Sturt National Park is in the Northwest coner of NSW. The closest major town is Broken Hill, which is over 300km to the south. Tibooburra a small rural town with fuel and suppies is right on the southeast boundary of the park.
We stayed at the excellent Dead Horse Gully camping ground which is located just a couple of kilometres from Tibooburra. This campground is situated amongst the granite boulders that give this area of Sturt NP its distinct character. The camping sites are nicely spaced with reasonable privacy. There are toilets, free gas BBQs, but no showers. If you are desperate for a shower you can pay a small fee for one in nearby Tibooburra. I think we manged about five days without showering, which wasn't too bad as we didn't meet up with anyone else. In total we spent 7 days in Sturt with five nights at Dead Horse Gully and two nights at Fort Grey. In total there are 4 camping grounds of similar quality within the park.
Our routine while residing at Dead Horse Gully was to travel out to the South Myres Tank on the Jump-up Loop Track early each morning for the best light and return again in the afternoon. The first thing that struck me on my return visit was the Mitchell grass plains that stretched for kilometres. I'm sure on my prior visit these were barren gibber plains. There number of tanks/dam on both the loop and gorge tracks that attract good numbers of birds when when they contain water. The dam at South Myres tank was reasonably full, however the banks were shallow enough to provide plenty of landing and wading areas for birds. One of the target species I was after was the Flock Bronzewing. These had recently been photographed in this area byRob DrummondandSimon Bennett, so I was delighted when these birds made an appearance on my first visit. Small flocks came in to drink each morning and afternoon. They proved to be very difficult subjects as they were very nervous and appeared to take flight for no apparent reason. In hindsight I would have been better off concentrating on flight shots as they spent so much of their time in the air whirling around the dam, usually before coming to land on the opposite shoreline. What really surprised me was their willingness to actually land in the shallow water. Most did land on the banks, however they still tended to move beyond the water's edge.
One of the other species I was interested in photographing was the Cinnamon Quail-thrush. While photographing a group of White-winged Fairy-wrens I noticed a couple of Quail-thrush dart between some grass clumps. I set-up in the hope of intercepting them as they moved towards the road. I made no attempt to camouflage myself or call them in, however after waiting about five minutes a group of 6 birds started happily foraging out in the open only metres from where I stood. It was obvious that they were aware of my presence yet they continued to feed to with a couple of metres. They even let me move about them to get better angles. In the end after getting several hundred shots I left them alone to feed. Another species I had on top of my list was the Gibberbird. I'd seen in my opinion the best image of this species posted onFeathersandphotosby Rob Drummond. Unfortunately even though I spent considerable time looking I was only able to obtain a record shot.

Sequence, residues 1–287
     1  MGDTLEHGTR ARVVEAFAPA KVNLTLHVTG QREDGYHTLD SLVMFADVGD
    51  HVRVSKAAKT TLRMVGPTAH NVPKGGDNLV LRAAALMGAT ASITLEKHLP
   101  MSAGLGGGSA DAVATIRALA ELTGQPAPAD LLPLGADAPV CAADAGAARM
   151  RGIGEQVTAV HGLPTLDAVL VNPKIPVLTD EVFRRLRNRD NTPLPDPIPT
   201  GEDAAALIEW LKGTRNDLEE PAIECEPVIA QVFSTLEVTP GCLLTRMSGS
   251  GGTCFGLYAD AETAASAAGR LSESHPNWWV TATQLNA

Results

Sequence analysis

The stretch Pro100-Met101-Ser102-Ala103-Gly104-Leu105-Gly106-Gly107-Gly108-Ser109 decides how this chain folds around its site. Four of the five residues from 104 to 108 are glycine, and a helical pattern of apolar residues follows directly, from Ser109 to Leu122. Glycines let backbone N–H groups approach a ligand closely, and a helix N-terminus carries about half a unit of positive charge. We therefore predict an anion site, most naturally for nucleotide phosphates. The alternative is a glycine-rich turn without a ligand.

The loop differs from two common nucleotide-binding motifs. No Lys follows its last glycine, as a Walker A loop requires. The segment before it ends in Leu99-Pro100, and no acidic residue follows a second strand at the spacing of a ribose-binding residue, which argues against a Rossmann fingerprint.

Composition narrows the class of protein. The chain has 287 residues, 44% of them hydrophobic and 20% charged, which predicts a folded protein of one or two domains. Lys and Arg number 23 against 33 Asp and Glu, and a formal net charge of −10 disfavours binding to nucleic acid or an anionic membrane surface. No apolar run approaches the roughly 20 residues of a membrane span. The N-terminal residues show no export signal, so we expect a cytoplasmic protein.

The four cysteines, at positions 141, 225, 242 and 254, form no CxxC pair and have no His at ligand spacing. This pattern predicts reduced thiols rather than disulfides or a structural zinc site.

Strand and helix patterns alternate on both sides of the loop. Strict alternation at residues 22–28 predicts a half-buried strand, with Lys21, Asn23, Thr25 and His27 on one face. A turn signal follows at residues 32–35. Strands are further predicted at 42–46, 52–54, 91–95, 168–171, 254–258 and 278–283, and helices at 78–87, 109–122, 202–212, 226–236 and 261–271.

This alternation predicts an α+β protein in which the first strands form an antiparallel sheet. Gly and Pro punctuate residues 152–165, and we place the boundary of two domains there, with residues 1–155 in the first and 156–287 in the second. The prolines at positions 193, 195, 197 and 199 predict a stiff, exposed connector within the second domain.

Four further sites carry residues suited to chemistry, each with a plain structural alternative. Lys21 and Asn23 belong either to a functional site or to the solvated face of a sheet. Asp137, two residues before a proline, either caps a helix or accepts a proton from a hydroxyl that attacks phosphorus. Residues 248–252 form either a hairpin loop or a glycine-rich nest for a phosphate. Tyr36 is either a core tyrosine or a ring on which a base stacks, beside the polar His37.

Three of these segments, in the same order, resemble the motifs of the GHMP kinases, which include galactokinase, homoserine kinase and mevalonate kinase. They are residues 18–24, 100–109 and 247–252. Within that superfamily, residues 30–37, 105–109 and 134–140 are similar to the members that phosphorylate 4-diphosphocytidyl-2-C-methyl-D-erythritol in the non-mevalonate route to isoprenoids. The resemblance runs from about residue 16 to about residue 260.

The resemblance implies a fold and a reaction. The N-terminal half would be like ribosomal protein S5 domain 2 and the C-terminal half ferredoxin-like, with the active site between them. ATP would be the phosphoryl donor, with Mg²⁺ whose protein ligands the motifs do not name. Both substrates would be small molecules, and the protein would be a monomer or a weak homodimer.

The drive to Fort Grey takes you initially through the Mitchell Grass/gibber plains to sand dune country. Along the way there were pipits, orange chats, woodwallows and plenty of birds of prey. Fort Grey camp is set amongst the sand dunes and near the ephemeral Lake Pinaroo. The camp is set up in a similar fashion to the Sturt NP camps in that toilets and gas BBQs are provided. Fortunately during our visit the lake was nearly full. There wasn't a lot of waterbirds obvious, however the birds of prey were numerous. The woodland and sand dune country surrounding the camp provided the opportunity to photograph some different birds, including Red-browed Pardalote, Red-capped Robin and Crested Bellbird.
One evening during our stay at Fort Grey our travelling companion, Rod Warnock, alerted us to the presence of native hopping mice. We all jumped at the opportunity to photograph these cute little mammals. During our stay at Fort Grey the mouse plague was in full cry. I pity the hopping mice as they compete for food and burrows.
The Gorge Loop track is definitely worth checking out, if not for the scenery then for the heaps of Red Kangaroos that can be seen.
The birds photographedin Sturt NP were: Gibberbird, Orange Chat, Brown Falcon, Black-shouldered Kite, Nankeen Kestrel, Swamp Harrier, Black Kite, Whistling Kite, Wedgetailed Eagle, Black-faced Woodswallow, White-browed Woodswallow, Black-fronted Dotterel, Straw-necked Ibis, Grey Teal, Pink-eared Duck, Eurasian Coot, Australasian Grebe, White-winged Fairy-wren, Australian Pipit, Cinnamon Quail-thrush, Red-capped Robin, Flock Bronzewing, Budgerigar, Bourke Parrot, Galah,Welcome Swallow, Singing Honeyeater, Yellow-throated Miner, Blue Bonnet, White-plumed Honeyeater. yellow-billed Spoonbill. Red-browed Pardalote, Horsefield's Bronze-cuckoo, Mistletoebird Crested Bellbird, Emu, Black-tailed Native-hen, White-necked Heron.